17. Dextur

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      Netflix are pushing out 4k stuff very soon from what I understand, within a couple of months.
       
    18. Snake79

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      I am also worried at the quality of upscaling 1080p material to fit a 4K panel. SD to 1080p generally doesn't look good unless it is a high quality source with little or no compression. So a 4K tv may have a negative effect on 1080p material. I certainly won't be upgrading my movie collection again to compensate. I have mostly blu-rays but still have DVDs for films that are not available in HD, and I am happy with that.

      I've had my JVC D-ILA tv for about 6 years and although I have no plans on replacing it, I have on occasion looked online at the big Sharp Aquos LCDs (70-90"). Now if they made OLED versions that size then I might reconsider.
       
    19. Dextur

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      You would have to check but the reviews here on the Samsung IIRC said the upscaling was excellent and in fact they felt 1080p looked better on the 4k sets.

      Then a step up again on the Oleds.
       
    20. Geoff_D

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      There's no need to worry, as this situation is NOTHING like going from SD to HD. The resolution of HD 1080 is directly proportional to UHD 2160, so the upscaling is mathematically precise, unlike converting SD (720x480 or 720x576) into HD (1920x1080). What this means is that the UHD upscaling is, to my eyes, seamless.

      And as you say, a high quality source with little noise generally makes for a better upscale, and the same holds true for HD -> UHD, the point being that HD is way beyond SD when it comes to looking clean and sharp to begin with, especially regarding TV broadcasts (which are blocky as f*** in SD, I don't care what you're watching it on). And the processing in my Sony 4K set is still powerful enough to be able to faithfully translate smaller random details like grain when watching a Blu-ray movie.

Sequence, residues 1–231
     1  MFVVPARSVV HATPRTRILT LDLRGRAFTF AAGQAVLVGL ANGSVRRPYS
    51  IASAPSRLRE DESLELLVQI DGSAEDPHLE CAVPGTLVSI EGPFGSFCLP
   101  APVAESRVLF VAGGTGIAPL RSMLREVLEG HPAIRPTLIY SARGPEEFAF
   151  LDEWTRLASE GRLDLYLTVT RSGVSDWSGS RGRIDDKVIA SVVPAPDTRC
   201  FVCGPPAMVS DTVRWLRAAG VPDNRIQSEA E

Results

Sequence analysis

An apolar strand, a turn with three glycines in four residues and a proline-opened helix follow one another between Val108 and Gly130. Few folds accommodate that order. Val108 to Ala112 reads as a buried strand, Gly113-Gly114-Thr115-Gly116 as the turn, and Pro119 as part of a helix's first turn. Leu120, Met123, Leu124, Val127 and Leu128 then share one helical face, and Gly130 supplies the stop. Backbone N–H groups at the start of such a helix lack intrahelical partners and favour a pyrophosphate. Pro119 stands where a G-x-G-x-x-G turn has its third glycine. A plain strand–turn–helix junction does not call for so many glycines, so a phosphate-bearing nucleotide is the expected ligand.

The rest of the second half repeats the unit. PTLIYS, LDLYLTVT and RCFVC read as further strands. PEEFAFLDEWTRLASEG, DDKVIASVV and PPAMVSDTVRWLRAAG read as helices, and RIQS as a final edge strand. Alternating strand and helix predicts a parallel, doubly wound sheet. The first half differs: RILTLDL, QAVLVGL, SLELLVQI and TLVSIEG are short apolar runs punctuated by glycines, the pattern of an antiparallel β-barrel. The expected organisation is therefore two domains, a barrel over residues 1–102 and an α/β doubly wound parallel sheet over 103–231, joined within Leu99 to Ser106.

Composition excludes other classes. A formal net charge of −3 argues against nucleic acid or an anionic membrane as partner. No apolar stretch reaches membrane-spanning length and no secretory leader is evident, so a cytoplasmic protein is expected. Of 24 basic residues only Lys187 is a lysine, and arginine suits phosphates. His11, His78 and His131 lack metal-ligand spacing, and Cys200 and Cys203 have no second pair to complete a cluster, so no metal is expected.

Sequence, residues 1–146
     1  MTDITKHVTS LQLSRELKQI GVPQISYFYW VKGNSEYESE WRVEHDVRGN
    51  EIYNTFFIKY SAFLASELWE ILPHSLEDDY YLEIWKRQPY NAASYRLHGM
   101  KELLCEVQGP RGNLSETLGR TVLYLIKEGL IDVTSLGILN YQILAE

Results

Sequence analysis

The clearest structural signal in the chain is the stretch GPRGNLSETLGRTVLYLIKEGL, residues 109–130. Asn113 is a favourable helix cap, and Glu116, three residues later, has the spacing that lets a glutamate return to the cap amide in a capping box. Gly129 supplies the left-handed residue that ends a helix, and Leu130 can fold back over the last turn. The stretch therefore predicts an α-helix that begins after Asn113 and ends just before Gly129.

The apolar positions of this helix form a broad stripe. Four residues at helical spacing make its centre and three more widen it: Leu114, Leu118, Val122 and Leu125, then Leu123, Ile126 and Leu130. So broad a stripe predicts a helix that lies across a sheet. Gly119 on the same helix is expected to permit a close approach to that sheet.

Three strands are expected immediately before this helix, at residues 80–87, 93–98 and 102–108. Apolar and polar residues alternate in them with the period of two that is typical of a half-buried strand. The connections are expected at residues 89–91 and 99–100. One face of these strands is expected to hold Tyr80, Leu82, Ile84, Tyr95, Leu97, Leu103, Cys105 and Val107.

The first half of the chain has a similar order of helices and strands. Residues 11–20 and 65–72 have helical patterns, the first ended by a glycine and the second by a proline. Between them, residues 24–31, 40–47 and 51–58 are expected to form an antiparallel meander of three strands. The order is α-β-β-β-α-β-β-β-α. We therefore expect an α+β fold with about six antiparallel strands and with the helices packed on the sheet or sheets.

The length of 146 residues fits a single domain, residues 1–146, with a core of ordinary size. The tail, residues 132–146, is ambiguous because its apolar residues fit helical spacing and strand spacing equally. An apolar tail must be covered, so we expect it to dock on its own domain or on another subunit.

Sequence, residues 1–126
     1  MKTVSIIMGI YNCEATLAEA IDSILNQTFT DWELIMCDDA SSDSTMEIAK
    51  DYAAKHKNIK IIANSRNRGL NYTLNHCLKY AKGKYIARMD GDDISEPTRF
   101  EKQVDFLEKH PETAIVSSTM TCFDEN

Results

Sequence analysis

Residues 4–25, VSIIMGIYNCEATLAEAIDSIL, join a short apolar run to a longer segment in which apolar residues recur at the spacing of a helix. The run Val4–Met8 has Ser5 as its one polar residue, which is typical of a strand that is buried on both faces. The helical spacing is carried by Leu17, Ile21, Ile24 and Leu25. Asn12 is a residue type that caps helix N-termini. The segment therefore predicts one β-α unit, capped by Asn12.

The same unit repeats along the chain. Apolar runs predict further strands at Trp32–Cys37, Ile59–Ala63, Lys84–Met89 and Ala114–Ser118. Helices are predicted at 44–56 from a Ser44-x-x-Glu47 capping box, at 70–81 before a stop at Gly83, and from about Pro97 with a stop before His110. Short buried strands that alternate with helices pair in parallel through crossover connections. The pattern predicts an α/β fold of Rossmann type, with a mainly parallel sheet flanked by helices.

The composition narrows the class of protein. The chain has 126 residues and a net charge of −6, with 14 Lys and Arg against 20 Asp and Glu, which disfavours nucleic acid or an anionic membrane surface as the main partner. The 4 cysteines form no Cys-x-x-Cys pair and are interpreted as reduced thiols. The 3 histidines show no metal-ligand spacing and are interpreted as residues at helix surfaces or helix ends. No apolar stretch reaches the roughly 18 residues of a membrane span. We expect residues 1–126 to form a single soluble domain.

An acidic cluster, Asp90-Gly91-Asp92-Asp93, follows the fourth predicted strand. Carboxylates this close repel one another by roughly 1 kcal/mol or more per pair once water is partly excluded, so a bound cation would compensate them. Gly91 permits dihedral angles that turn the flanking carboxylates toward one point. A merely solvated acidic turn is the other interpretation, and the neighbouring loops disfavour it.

To be perfectly honest, the PQ is so good with upscaled content (it helps that the screen has no DSE or 'pillars' or bullcrap like that) that even if 4K content never came along, I'd still be perfectly happy with it.
       
    21. Loopthrough

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      The main problem is we all know the majority of content will be 1080 that's displayed on it and upscaling is the issue again. God knows what SD will look like upscaled to 4K. Look at how much SD there still is now, even though we've had HD for ages!
       
    22. IvorB

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      As I have always said: I just need to see it for myself.
       
    23. Bmars

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      The insights from the case study really emphasise the importance of a demo in-store.

      I believe that 4K content is still a really hot topic when it clearly shouldn't be.

      Many broadcasters have not yet hit 1080P resolution but it never stopped anyone from buying a 1080P TV when content came much later.

      And if content really matters most to you, then feel free to stick to a smaller screen because a 1080P resolution in something that's 75" or larger is not going to impress anyone.

      The true purpose of 4K resolution has not been documented well enough, and I believe its time to refocus on its true purpose and move away from the availability of content.

      As the saying goes. Build it, and they will come! The more 4K televisions in use, the more content will be produced.

      We saw this with 1080P, and Bluray movies followed soon after. 3D TV's came, and 3D Blurays followed soon after. This circle of evolution will never stop.
      I'm excited about the products hitting stores this year. I'm more excited by how relevant 4K is to justifying a really large screen purchase.
       
    24. rogdodge

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      I agree with Bmars. The debate should be about 4K/UHD TVs and their abilities; whether they produce better PQ, less motion blur etc. The matter of the dearth of transmitted 4K programmes and if they will ever appear is moot. ;)

      Just make them FALD, please. :lease: